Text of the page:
Back to school time for chief information security officers (CISOs) means one thing: being prepared to explain your cyber risk management strategy to the company board at the upcoming Q3 board meeting. As a key security leader in an organization, you have great insights into the efficacy of the controls in place. CISOs know the number of attacks the organization has experienced and cyber security trends impacting the industry. Therefore, you should come prepared to face the question of how you’re planning to tackle third-party cyber risk.
Third-party cyber risk arises from vendors, partners and suppliers who have access to your sensitive data, system or network, or all. That risk is magnified by a lack of clarity around how they may be protecting your sensitive data. As the original receiver or custodian of the data, it is up to you to ensure specific controls are in place to protect it. That responsibility continues even if you entrust it to someone else. Unfortunately, while most CISOs can recite chapter and verse on their incident response plan, they are often unable to confirm that the vendors they work with have an incident response plan themselves.
Savvy board members are aware of the changing cyber risk landscape and increasingly asking questions of company CISOs. What has caused this shift?
For many, recent news headlines about breaches – like Target, Quest Diagnostics and others impacted due to a third party (or fourth party in some cases) – are unavoidable. Second, cyber security regulations like those from the New York State Department of Financial Services specifically require organizations to have a program that mandates third parties meet specific security controls. This regulation has extra sensitivity for boards, as they must certify that these controls are in place. The Securities and Exchange Commission (SEC) has also released guidance encouraging companies to focus on this, as have other federal regulators. Finally, most boards already have risk or audit committees that consider third-party risks in other areas, so focusing on cyber risk is a natural next step.
Your challenge, as a security leader, is two-fold when it comes to the board. You must not only be able to answer their questions honestly and accurately, but also explain how your organization is evolving to face this risk. It may seem daunting, but the below suggestions can help you have a better conversation with your leadership:
- If you do not have a program for vendor cyber risk management, start one: If you don’t have one already, now is the time to put one in place. You can begin that process by building a formal onboarding process that considers the security posture of the organizations with whom you share data. You can get some ideas from the Legal Vendor Cyber Risk Management guide.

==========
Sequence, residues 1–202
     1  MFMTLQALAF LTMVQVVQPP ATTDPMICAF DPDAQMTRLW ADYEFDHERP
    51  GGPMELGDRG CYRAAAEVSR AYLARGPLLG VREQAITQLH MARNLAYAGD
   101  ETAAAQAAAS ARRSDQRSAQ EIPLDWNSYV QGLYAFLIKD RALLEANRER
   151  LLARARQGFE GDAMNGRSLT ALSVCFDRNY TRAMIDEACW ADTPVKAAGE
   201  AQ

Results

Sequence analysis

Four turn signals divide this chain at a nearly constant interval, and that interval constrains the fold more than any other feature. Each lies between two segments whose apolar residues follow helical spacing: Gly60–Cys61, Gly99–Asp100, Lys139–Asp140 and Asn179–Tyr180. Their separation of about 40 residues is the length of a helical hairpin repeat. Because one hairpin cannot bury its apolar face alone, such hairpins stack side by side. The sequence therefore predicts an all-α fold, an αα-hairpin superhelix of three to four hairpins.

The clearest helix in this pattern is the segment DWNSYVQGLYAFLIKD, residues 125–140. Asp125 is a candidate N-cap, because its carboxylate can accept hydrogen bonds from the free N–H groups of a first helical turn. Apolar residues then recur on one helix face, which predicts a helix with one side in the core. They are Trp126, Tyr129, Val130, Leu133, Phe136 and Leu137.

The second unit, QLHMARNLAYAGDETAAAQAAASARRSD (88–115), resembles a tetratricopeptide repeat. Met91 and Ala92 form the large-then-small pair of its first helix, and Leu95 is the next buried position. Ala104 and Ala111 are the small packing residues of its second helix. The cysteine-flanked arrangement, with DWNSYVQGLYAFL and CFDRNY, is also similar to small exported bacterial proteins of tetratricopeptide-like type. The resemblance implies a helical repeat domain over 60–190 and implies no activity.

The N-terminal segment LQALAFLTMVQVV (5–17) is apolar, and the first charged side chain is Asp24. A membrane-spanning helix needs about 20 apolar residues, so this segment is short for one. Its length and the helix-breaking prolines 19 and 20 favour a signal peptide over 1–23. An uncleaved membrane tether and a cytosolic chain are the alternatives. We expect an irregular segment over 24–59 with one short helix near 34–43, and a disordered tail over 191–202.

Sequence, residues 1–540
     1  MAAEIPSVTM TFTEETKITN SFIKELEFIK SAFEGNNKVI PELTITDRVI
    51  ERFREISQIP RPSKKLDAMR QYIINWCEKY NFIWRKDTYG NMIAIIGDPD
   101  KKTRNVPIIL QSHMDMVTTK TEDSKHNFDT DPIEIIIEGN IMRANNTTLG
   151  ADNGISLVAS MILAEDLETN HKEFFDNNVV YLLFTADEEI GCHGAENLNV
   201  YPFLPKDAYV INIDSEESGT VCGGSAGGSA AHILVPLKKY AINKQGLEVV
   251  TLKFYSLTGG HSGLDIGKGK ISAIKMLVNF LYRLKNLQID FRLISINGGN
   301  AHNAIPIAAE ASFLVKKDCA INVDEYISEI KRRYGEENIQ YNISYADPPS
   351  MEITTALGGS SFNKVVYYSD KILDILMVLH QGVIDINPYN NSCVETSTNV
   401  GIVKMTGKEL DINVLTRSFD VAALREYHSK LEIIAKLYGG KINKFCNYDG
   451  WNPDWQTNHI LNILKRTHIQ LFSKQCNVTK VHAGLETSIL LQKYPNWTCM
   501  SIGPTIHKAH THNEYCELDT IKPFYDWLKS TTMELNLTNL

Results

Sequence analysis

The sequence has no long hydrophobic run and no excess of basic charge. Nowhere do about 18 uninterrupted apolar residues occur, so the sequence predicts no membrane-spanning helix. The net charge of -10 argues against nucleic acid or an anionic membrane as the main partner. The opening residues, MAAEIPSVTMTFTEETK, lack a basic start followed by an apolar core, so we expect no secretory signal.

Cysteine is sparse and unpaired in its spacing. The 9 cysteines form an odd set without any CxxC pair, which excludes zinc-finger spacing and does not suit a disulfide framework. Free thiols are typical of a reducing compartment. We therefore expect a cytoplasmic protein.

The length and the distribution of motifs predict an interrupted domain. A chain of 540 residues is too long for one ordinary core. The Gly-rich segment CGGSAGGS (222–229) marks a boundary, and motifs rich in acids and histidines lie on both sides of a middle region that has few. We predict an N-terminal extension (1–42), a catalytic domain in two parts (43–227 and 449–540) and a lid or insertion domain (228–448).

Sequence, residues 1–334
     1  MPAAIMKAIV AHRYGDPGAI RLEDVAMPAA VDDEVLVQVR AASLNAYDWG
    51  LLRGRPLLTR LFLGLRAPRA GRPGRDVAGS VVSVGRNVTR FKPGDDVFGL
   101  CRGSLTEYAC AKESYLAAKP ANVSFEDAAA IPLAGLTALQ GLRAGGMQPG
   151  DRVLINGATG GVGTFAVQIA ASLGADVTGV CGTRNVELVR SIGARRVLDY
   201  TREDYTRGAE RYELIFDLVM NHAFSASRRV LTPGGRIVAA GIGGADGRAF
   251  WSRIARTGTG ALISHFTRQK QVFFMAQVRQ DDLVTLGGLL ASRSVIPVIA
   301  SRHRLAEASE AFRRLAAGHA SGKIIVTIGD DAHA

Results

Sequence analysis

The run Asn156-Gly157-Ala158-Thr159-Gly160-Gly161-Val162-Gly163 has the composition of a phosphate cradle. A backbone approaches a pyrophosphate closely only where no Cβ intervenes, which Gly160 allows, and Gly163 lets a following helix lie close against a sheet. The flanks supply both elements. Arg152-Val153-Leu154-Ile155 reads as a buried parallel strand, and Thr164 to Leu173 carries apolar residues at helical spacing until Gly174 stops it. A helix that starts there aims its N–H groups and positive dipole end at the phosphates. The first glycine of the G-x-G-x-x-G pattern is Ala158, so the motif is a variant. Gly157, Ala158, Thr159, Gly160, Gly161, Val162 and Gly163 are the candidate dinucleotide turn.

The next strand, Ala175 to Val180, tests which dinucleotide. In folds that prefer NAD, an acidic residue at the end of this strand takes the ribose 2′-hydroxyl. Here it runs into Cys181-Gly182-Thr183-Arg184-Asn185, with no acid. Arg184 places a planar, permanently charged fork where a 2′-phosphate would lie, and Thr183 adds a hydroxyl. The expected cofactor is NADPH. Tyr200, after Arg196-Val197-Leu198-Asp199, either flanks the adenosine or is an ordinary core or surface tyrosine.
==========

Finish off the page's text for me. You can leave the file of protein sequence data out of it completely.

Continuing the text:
- If you already have a program, build your risk story: Have you prioritized them by the type of data you share or the amount of money you spend on their services? Do you know which controls matter the most to your enterprise or the data regulations you must follow? Sharing how you are thinking about the risk shows the board that you’re taking a prudent and thoughtful approach to this issue.
- Explain what you want to do: Vendor cyber risk management is a new focus for security leaders, so it’s okay if you are in the early stages of a program. You must still have a goal for your program, however. This goal could include moving from a bi-annual assessment process to an annual one or expanding the number of vendors you are assessing to include those you share less-sensitive data with, but who may receive sensitive data one day. This goal provides the board with useful insight into what your priorities are and helps them balance those in light of other business needs.
Preparing for a board meeting can be stressful for anyone, and those in security leadership often face additional challenges explaining technical concepts to a non-technical audience. However, by hitting the books and following the guidance above, you can be ready for the inevitable questions on third-party cyber risk and turn a tough topic into an enlightening conversation for everyone involved.